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Infosecurity Europe 2013: Criminals exploit the anonymity of the net

The majority of attacks against businesses and individuals continue to focus on theft, said a panel at this year's Infosecurity Europe
The majority of attacks against businesses and individuals continue to focus on theft, said a panel at this year's Infosecurity Europe

Criminals are turning to the internet as a "lower risk" way of carrying out theft or other attacks, according to a panel discussion at Infosecurity Europe 2013.

Although the range of attacks, and their motivation, has increased over the last few years, with state-sponsored cyber espionage efforts and cyber attacks, as well as hacktivism, the majority of attacks against businesses and individuals continue to focus on theft. But the prevalence of cybercrime is such that it is now being viewed as a national problem, both in the UK and the US.

"Cyber is fast emerging as the next threat and could surpass counter terrorism; it has reached the level of a national security threat," said Scott Cruse, London legal attaché of the US' Federal Bureau of Investigation.

This has prompted the agency both to employ more computer scientists, but also to train its agents to deal with cybercrime and cyber attacks. Cybercrime is now becoming a mainstream part of policing, agreed Detective Superintendent Charlie McMurdie, of the Metropolitan Police.

That change in priorities is also being driven by the way that even relatively small cyber attacks can have far reaching consquences. As the journalist and broadcaster Misha Glenny noted, the recent hack on Associated Press Twitter accounts caused dramatic, although brief, falls in share prices on US markets. "We need to look at security in different ways: the threat is very plastic," he said.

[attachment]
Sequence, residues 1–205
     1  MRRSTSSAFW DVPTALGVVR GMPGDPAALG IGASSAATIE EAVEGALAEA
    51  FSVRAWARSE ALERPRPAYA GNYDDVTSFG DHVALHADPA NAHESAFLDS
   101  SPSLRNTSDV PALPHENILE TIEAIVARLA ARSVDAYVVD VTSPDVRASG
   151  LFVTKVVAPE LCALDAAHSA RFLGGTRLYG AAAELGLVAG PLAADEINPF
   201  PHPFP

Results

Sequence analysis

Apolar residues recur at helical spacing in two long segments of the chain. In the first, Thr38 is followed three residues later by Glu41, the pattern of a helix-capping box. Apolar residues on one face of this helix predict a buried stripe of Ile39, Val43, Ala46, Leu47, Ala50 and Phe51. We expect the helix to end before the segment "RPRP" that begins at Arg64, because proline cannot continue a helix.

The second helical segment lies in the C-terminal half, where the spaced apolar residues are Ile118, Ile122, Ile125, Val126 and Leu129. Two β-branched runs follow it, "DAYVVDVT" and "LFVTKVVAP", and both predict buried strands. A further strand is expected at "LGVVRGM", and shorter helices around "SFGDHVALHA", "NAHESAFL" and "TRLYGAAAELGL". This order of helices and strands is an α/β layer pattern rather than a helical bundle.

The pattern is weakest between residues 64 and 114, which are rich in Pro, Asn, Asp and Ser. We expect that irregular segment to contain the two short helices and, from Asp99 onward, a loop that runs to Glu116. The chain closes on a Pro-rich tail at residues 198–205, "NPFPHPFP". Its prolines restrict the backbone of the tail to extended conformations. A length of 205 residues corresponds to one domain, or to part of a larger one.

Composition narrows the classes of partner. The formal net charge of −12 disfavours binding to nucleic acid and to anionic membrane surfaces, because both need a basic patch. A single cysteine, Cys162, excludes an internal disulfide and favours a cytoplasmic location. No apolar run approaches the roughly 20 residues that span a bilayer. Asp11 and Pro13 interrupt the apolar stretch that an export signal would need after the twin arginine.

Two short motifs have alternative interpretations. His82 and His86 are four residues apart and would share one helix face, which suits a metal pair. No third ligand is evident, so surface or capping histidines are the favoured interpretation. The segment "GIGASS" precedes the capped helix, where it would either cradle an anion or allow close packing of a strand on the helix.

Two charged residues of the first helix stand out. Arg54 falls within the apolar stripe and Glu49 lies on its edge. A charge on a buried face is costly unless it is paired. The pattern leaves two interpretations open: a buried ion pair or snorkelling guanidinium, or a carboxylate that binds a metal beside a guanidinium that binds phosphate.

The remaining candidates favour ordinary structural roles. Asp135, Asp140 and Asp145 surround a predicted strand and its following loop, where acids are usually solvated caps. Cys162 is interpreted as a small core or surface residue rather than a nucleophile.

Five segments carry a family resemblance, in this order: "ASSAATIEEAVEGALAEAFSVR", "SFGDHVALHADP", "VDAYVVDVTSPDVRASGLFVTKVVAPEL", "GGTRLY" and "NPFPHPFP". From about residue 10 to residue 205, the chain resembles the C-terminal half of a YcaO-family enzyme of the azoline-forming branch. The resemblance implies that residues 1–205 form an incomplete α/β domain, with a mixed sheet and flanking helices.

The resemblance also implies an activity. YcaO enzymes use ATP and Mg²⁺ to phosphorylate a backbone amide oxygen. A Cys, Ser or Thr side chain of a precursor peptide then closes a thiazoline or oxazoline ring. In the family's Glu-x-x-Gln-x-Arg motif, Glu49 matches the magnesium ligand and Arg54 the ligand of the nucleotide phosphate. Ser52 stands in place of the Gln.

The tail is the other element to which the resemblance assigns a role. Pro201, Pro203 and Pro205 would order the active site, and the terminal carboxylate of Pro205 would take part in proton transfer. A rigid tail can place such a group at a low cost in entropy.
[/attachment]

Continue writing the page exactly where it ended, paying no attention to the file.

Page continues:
But there is also a danger in focusing just on the largest, most devastating attacks, or potential attacks. "A lot of the emphasis is on the high end of cyberwarfare and security, the 'sky will fall on your head' scenario," said Glenny. "You have to look at the issue in its totality."

This was echoed by Arnie Bates, head of information security at Scotia Gas Networks. "It is not always helpful to think about the biggest threats. It is not one threat but multiple threats; that's why you have to think about defence in depth, and layers and layers of security."

"Threat is the likelihood times the impact," said McMurdie. "If you run a business, an attack might cause you to go bust, but what is the likelihood of being victim of a state-sponsored attack, or of your data being stolen? That will inform your threat picture, and the most appropriate response," she said.

But organizations also need to deal with a different set of motivations, which in turn drives the type of attack, and its likely impact.

At the UK Ministry of Defence, head of information security Adrian Price pointed out that attacks are focused on either disrupting public facing parts of the ministry's web presence, for example as a protest against the UK's involvement in theatres such as Afghanistan, or at stealing operational data that could put service personnel at risk. "From my perspective, the greatest threats are state sponsored, terrorists, or hacktivists," he said.

But in other areas, the internet is allowing criminals to shift their attentions from riskier crimes in the physical world, to online activity. The anonymity of the internet may even be encouraging people who might not consider offline offenses to dabble in criminal activity.

"The internet is alienating, you don't feel responsible for what you are doing," said Misha Glenny.

"People usually either carry out cyber attacks for financial motives, or because they can," said McMurdie. "A cybercriminal can be anyone who wants to be, with off the shelf tools," warned Bates, "and they are often still using techniques that have been around for many years.

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